On the health sector, they indicated that because of the pro-active interventions instituted during the NPP's tenure, like the implementations of the NHIS and the College of Physicians and Surgeons and the National Ambulance Service among others, had placed the country on a positive footing and improved access to healthcare.

According to them, these interventions had led to the NDC promising that within two years of assuming power they would reduce significantly child and maternal mortality, review the NHIS to provide coverage for basic healthcare and review the un-wieldy bureaucracy and palpable corruption of the Scheme.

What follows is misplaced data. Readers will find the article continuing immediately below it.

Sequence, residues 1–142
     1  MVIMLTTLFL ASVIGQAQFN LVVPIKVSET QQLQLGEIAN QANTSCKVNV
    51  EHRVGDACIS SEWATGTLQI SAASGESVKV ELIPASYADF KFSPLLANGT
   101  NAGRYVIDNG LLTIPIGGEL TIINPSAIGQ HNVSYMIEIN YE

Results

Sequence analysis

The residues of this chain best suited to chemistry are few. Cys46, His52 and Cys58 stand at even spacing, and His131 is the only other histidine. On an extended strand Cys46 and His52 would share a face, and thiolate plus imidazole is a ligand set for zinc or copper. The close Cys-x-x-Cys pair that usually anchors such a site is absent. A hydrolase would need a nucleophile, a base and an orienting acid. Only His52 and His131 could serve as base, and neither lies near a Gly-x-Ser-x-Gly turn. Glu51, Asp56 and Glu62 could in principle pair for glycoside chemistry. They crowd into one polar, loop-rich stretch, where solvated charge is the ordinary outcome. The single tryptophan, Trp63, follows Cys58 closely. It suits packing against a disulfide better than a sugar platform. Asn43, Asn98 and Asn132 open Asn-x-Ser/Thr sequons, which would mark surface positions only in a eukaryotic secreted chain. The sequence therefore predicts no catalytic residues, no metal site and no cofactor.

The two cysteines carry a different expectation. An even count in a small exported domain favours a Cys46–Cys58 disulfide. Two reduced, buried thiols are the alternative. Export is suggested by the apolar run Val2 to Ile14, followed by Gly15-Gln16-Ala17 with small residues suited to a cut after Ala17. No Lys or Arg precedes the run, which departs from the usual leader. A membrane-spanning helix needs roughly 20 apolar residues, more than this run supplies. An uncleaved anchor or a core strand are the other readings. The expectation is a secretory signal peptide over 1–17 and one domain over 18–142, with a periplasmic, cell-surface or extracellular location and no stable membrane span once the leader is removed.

They said government had reneged on its promise of one-time premium payment policy but urged an increase in the National Health Insurance Levy, adding that the “cash and carry” system was steadily creeping into the health insurance scheme.

On the housing sector, Mr Kyei-Mensah-Bonsu said the government had shown a lack of policy direction and strategy and no indication of sources of funding to solve the housing deficit of the country.

He said since the STX debacle, government had not recovered sufficiently to offer a fresh and better alternative to the housing problem till date and that the situation was gradually moving towards a crisis levels.

The minority regretted the current water crisis, saying government had failed to offer a solution to the issue, urging it to make the sector a priority to avert serious catastrophe associated with the lack of potable water.

Source: GNA